Sp archives: wOMEN fIGHT

Luciano asked:

I found this Youtube´s video clip featuring Mixed Martial Arts fighter Satoko Shinashi:


What do you say for anyone who thinks women cannot fight, or should not be martial artists?

And how the Morris Method can be usefull to a woman, even if she are not a Professional MMA Fighter like Ms. Shinashi

Steve’s reply:

I think here’s a case where we might be seeing different things. When I looked at it, even when I saw her walking towards the ring, I straight away said, ‘it’s a fix.’ And as it developed, it was obvious immediately (to me, anyway) that the moves had been worked. The moves themselves were great, but there’s no actual proof that they would work in a real fight because there was compliance on the part of her opponent.

What you’ll get in these kind of fights, and it happened in Pancrase and many of the Japanese entertainment fights, is that you’ll get a free exchange going on, and then they’ll hit a ‘work move’ either for the entertainment value of it, or as a finishing move to a fight whose outcome has already been decided. You’ve got to remember that the Japanese fight entertainment business is controlled by the Yakuza.

Anyway, to deal with your question as a whole, I took a few minutes to pull down some clips that do show women fighting, at different levels and in different contexts.




So obviously, women can fight. Women have competitive minds just like men. I can remember a woman in Reading where I used to live who used to regularly take on men outside the pub and win.

Looking at the two sporting clips (and there are many more examples on you tube if you want to go and look for them) you see women competing as athletes. Gina Carano is not somebody you’d want to mess with. That’s gold standard. And if women were training, personally I’d be encouraging them to aspire to be like that.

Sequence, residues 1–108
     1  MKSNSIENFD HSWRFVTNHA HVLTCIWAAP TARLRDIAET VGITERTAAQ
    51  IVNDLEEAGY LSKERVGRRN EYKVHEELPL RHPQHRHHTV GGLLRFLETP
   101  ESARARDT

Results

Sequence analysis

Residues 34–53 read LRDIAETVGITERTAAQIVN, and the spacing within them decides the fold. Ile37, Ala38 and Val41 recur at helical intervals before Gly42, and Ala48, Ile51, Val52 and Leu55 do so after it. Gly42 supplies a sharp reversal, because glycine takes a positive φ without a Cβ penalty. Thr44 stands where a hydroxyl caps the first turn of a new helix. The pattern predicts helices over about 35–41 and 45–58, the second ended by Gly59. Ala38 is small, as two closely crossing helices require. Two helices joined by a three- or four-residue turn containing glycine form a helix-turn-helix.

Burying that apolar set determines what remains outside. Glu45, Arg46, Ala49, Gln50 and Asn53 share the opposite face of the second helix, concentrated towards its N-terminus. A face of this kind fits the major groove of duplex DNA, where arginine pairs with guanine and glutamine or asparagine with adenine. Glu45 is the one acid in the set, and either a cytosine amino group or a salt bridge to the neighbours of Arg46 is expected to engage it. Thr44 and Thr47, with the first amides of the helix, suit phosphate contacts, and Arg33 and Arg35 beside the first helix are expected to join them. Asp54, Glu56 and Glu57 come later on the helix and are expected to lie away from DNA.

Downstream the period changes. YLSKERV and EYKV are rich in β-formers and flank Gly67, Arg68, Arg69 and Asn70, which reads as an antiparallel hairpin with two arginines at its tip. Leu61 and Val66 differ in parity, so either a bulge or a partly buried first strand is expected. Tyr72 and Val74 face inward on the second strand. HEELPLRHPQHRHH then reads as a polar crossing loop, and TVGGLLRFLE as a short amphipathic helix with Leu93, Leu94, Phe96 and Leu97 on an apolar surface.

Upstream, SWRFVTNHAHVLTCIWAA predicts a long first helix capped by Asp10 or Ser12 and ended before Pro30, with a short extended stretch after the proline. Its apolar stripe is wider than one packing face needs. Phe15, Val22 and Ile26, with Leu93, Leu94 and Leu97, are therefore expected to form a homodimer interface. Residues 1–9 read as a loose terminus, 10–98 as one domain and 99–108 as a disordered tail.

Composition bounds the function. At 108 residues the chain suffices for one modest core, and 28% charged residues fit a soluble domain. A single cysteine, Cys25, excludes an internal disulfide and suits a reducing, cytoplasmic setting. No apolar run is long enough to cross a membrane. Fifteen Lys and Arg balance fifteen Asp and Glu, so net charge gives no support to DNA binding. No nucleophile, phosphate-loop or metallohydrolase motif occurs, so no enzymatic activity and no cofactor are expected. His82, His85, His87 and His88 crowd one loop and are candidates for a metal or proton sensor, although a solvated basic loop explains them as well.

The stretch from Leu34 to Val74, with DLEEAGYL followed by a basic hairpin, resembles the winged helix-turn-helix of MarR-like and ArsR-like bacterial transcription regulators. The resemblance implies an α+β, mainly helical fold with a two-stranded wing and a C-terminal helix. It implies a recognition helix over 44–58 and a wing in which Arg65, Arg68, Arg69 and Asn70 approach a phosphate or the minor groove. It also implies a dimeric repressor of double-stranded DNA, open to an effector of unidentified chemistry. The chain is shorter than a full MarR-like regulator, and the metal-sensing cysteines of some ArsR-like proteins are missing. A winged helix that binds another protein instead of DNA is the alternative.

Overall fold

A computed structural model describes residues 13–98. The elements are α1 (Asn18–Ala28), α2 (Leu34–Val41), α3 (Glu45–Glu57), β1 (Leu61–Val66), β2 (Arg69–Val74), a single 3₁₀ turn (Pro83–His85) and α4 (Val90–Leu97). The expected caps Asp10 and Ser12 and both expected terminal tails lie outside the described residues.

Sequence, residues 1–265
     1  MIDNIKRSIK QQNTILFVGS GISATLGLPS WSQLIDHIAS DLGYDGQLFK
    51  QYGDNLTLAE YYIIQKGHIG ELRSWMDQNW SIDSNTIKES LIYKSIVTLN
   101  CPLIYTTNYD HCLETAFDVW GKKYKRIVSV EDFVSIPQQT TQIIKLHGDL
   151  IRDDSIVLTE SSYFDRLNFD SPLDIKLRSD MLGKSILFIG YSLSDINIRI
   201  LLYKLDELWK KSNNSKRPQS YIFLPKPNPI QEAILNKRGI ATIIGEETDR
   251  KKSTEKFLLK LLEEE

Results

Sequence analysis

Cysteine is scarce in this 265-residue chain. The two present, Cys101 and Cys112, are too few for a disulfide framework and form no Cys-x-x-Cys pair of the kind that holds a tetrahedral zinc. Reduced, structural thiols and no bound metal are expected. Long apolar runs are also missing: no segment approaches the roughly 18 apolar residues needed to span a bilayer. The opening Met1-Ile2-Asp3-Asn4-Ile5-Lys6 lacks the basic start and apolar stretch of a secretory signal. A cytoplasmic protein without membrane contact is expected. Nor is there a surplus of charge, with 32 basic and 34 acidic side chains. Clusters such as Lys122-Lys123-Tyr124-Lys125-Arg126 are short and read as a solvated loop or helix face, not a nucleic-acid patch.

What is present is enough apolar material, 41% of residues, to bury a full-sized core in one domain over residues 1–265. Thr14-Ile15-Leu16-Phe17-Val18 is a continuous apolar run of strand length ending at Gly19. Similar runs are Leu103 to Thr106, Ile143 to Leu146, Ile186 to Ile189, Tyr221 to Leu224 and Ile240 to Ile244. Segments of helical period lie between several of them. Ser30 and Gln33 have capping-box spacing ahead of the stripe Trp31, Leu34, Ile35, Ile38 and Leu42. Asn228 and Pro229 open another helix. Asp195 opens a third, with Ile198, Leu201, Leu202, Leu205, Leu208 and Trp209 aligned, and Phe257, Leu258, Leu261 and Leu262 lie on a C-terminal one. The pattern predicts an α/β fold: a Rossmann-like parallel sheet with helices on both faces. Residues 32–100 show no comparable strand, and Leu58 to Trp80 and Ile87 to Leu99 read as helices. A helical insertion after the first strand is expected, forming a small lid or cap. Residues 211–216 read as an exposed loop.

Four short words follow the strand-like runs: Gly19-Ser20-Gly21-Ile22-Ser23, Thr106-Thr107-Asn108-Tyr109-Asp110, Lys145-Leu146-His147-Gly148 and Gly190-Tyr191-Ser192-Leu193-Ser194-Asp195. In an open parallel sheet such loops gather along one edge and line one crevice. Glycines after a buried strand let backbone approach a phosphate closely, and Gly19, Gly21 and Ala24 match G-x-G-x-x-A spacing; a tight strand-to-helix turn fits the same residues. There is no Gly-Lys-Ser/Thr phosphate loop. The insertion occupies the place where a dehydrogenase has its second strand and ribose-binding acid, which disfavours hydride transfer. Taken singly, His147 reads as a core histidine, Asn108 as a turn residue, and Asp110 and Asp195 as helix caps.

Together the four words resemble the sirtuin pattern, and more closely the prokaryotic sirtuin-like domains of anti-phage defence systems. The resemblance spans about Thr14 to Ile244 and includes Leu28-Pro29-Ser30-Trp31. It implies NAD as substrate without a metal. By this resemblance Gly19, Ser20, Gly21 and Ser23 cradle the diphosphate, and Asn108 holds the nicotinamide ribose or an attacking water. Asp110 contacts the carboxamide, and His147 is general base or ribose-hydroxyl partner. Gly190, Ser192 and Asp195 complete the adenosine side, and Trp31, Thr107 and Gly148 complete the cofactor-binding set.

But look at the streetfights, too. Because those are the ones you’re more likely to meet, if you’re not a competitive fighter. And as trainer, I want to instill that violent mindset and then add the skills on to it. And I would want to be able to replicate the example of a violent, aggressive female as an aggressor/dissimilar training partner and as a means of testing and adapting skills that were being worked in the gym. You need to make your technique work against that woman. In the ring, it’s obviously different, but on the street anything goes.

Luciano wrote:  Very well.
In streetfight´s case (not only against another PMT woman, but man, gangs and another ‘monsters’), I teach and encourage my wife and female students to carry and use some “extra” weapons. Preference by blades and improvised tools like hair´s needle for example. Of course, the correct mindset and alert state precede all this stuff…First I teach to fight with naked hands, so add weapons.
In countries like Brazil, the streetfights (include the threat of raper and the common domestic violence), ends with death or serious injuries with psychological trauma. So, cold steel abilities can equalize the diference in size and even in skills.